U.S. quietly abandoning Syrian rebels

U.S. quietly abandoning Syrian rebels

[Ed. – Don’t even bother to “explain” that we’re going to throw in with other rebels and build a new fighting force.  This — the abandonment of those who allied themselves with us — is what everyone in the region will remember.]

As Congress struggles to pass a bill to fund the government for the rest of the year, one curious and significant item was left on the cutting room floor: a request from the Barack Obama administration for $300 million to expand the secret CIA program to arm the “moderate” Syrian rebels. …

“The requested funds are a crucial indication of the partnership between the United States and Syrian freedom fighters. This comes at a particularly important time,” said Oubai Shahbandar, a senior adviser for the Syrian National Coalition.

Nonetheless, not everyone in the White House will lament the decision to drop it from the spending bill: Congress’s disenchantment with the Syrian rebels is shared by many officials inside the administration, following the rebels’ losses to Assad, IS and the al-Nusra Front in northern Syrian cities such as Idlib. …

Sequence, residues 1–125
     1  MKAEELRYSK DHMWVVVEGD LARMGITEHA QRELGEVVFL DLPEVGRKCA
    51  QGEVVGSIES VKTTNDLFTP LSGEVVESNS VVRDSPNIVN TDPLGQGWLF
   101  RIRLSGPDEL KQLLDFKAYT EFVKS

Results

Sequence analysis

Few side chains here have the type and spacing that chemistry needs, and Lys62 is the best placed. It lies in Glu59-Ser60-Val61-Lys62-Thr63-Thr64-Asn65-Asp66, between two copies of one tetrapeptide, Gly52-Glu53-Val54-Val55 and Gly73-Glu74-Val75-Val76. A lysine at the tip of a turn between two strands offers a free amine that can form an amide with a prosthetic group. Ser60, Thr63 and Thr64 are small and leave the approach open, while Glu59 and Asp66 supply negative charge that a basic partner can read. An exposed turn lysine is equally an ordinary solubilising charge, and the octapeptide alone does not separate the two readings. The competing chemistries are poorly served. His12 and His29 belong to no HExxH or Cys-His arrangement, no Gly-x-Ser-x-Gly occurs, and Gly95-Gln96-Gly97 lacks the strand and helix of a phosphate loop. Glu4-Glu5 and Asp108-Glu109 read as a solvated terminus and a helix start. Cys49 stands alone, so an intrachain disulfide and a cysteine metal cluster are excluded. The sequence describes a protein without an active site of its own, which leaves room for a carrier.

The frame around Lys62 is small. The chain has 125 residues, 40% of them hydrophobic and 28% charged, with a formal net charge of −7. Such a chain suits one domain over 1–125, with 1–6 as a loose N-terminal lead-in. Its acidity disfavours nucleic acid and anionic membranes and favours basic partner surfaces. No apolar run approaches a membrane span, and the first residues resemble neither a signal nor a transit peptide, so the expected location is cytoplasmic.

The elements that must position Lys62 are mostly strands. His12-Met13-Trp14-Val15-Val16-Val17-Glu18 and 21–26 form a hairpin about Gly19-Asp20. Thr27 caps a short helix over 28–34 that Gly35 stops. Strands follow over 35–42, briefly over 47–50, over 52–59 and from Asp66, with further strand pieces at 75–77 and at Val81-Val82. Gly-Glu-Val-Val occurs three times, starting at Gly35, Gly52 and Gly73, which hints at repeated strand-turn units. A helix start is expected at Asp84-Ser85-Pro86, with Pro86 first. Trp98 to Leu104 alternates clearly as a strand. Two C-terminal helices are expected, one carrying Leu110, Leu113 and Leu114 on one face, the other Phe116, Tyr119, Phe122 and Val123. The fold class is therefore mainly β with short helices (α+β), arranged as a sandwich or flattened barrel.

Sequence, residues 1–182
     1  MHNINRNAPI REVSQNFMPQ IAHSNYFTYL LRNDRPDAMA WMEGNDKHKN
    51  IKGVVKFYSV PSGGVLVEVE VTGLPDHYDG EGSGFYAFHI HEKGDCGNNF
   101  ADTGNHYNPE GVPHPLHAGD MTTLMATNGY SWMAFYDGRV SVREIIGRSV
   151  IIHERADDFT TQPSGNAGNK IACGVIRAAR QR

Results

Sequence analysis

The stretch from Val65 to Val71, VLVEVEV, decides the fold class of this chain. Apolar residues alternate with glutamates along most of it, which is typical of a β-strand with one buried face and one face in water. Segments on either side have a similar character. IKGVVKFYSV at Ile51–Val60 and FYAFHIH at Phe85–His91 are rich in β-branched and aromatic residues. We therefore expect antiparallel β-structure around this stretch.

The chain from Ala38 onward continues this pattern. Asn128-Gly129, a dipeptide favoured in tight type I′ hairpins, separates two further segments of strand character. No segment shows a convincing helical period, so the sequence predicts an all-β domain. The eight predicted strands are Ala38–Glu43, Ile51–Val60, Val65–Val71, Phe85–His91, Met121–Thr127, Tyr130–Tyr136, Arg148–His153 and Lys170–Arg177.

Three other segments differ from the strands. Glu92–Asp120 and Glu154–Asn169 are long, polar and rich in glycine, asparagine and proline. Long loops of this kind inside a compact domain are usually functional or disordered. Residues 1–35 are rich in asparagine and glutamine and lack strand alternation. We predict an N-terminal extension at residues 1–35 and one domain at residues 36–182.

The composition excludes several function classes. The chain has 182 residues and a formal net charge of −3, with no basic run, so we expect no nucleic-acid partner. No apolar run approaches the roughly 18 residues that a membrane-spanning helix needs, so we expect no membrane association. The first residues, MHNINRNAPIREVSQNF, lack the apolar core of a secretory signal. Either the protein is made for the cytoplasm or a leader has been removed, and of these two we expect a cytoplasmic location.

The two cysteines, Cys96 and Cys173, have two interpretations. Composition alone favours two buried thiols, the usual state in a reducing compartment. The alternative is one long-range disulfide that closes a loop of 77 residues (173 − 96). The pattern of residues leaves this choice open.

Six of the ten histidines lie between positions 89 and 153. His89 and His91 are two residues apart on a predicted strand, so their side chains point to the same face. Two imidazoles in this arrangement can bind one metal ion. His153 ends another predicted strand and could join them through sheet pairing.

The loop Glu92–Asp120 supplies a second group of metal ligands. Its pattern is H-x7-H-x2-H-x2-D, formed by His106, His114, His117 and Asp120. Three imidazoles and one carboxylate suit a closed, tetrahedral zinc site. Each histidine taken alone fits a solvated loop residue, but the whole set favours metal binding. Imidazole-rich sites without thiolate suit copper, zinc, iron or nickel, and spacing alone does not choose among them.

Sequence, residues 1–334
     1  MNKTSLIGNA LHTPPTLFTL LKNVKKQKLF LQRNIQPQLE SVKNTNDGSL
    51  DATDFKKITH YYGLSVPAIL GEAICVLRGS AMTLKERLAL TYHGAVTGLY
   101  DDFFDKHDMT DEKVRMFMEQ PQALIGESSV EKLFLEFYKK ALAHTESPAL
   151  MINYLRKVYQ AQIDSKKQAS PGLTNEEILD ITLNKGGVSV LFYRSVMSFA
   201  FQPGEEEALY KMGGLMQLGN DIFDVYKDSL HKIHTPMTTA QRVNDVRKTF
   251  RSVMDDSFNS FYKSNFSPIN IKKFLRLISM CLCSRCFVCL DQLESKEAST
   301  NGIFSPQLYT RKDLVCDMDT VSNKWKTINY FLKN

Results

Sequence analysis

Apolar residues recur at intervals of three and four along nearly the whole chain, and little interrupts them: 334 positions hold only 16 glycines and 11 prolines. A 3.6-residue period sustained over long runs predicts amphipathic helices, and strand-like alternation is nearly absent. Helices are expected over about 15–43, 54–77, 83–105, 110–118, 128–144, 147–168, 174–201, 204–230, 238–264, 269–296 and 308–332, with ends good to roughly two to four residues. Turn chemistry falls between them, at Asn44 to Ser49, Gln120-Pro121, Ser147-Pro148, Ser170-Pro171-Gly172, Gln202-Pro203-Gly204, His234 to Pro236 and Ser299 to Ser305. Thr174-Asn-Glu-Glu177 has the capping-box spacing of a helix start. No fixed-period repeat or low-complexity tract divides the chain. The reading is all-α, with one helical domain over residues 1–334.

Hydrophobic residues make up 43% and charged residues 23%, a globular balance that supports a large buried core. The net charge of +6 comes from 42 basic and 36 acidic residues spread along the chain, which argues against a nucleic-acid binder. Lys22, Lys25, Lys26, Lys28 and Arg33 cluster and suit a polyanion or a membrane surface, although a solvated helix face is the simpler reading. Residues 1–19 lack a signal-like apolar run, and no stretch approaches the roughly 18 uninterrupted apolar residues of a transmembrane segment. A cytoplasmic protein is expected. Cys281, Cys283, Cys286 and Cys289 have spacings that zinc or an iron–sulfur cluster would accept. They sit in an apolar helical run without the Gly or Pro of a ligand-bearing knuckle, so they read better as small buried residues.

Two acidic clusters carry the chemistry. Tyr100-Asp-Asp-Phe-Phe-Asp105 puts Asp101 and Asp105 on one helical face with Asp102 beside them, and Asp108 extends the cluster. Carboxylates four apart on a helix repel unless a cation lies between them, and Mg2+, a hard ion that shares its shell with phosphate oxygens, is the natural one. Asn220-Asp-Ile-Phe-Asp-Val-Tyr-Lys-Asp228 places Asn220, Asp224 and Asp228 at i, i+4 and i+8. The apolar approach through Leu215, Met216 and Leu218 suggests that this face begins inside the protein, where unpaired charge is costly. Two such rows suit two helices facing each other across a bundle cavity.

Leaders of the Free Syrian Army and representatives of the Syrian National Coalition tell me they have now been almost completely cut off from what they saw as already meager support from the Western coalition led by the U.S. Over the last month, the flow of weapons and ammunition to FSA groups in the north has stopped, these leaders say. Three FSA-linked groups are still receiving limited financial assistance, but that’s it. “The Americans are saying they are not cutting us off, that the Saudis and Qataris are cutting us off,” a senior FSA official in the northern Syria, who asked to be cited anonymously for security reasons, told me. “But we know the Americans are in charge.”

Continue reading →


Commenting Policy

We have no tolerance for comments containing violence, racism, vulgarity, profanity, all caps, or discourteous behavior. Thank you for partnering with us to maintain a courteous and useful public environment where we can engage in reasonable discourse.

You may use HTML in your comments. Feel free to review the full list of allowed HTML here.